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Tip-apex distance of intramedullary devices as a predictor of cut-out failure in the treatment of peritrochanteric elderly hip fractures

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A tip-apex distance (TAD) of greater than 25 mm has been shown to be an accurate predictor of lag screw cut-out when sliding hip screws (SHS) are used to treat peritrochanteric (PT) hip fractures. The purpose of this study was to determine which factors, including TAD, correlated with successful clinical outcomes of PT hip fractures surgically treated with intramedullary (IM) devices. A total of 192 patients were included in this retrospective study. The TAD values of this cohort were radiographically analysed at a mean follow-up of 13 months. This was correlated with limited functional status and the rate of revision for implant failure or inability to achieve fracture union. Only 82 patients had adequate follow-up to fracture union or definitive failure. There were 46 intertrochanteric (IT) hip fractures and 36 subtrochanteric (ST) fractures. Overall, seven patients (8.5%) went on to experience lag screw cut-out. The average TAD of the patients who did not cut-out was 18 mm, compared to 38 mm for those who did (p = 0.012). All patients who cut-out had IT fractures (p = 0.017). The percentage of cut-outs correlated directly to both the severity of IT fractures and the TAD. Using a cutoff of 25 mm there was a statistically significant difference in the incidence of lag screw cut-out (p < 0.001). As in sliding hip screws, surgeons should strive for a TAD less than 25 mm when using IM devices in the treatment of PT hip fractures to help avoid lag screw cut-out.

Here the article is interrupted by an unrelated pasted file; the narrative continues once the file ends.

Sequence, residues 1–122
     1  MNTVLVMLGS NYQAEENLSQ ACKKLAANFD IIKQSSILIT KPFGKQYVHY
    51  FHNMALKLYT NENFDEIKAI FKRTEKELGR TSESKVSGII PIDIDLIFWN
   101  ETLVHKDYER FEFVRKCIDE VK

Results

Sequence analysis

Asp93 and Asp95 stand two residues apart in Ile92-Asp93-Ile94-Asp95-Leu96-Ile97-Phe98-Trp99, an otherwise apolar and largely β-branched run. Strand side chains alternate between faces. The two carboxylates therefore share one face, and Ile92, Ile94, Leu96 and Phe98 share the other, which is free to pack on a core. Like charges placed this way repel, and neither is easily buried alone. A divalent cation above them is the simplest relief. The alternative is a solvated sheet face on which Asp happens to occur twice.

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Correspondence to Jeffrey A. Geller.

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Geller, J.A., Saifi, C., Morrison, T.A. et al. Tip-apex distance of intramedullary devices as a predictor of cut-out failure in the treatment of peritrochanteric elderly hip fractures. International Orthopaedics (SICOT) 34, 719–722 (2010).

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